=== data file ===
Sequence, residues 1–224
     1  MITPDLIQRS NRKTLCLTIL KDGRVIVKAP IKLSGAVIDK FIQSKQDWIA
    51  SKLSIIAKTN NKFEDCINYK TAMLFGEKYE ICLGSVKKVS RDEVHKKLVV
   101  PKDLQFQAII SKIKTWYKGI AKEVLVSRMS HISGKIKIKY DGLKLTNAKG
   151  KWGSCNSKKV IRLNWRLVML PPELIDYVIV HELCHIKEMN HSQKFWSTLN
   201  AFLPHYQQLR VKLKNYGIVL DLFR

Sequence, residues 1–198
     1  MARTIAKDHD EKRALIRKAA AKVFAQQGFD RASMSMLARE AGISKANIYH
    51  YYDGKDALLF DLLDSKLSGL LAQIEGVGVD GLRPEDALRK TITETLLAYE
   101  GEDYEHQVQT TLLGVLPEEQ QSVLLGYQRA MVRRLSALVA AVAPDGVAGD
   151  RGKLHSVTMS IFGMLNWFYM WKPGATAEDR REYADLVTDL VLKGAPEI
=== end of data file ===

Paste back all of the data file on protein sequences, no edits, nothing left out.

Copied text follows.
Sequence, residues 1–224
     1  MITPDLIQRS NRKTLCLTIL KDGRVIVKAP IKLSGAVIDK FIQSKQDWIA
    51  SKLSIIAKTN NKFEDCINYK TAMLFGEKYE ICLGSVKKVS RDEVHKKLVV
   101  PKDLQFQAII SKIKTWYKGI AKEVLVSRMS HISGKIKIKY DGLKLTNAKG
   151  KWGSCNSKKV IRLNWRLVML PPELIDYVIV HELCHIKEMN HSQKFWSTLN
   201  AFLPHYQQLR VKLKNYGIVL DLFR

Sequence, residues 1–198
     1  MARTIAKDHD EKRALIRKAA AKVFAQQGFD RASMSMLARE AGISKANIYH
    51  YYDGKDALLF DLLDSKLSGL LAQIEGVGVD GLRPEDALRK TITETLLAYE
   101  GEDYEHQVQT TLLGVLPEEQ QSVLLGYQRA MVRRLSALVA AVAPDGVAGD
   151  RGKLHSVTMS IFGMLNWFYM WKPGATAEDR REYADLVTDL VLKGAPEI